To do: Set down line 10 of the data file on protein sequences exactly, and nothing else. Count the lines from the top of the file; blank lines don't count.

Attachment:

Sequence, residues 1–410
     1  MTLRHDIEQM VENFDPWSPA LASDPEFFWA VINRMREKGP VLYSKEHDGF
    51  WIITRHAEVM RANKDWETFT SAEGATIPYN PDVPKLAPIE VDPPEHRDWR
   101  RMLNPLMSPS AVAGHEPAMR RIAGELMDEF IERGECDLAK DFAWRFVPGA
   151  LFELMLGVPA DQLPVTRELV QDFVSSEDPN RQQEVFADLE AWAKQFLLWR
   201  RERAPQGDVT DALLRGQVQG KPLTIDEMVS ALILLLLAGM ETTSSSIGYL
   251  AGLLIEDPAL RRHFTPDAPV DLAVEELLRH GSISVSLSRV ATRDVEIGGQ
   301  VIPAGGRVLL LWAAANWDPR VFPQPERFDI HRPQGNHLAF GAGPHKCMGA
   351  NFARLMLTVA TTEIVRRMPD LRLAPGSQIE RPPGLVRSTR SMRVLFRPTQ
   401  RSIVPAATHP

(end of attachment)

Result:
   401  RSIVPAATHP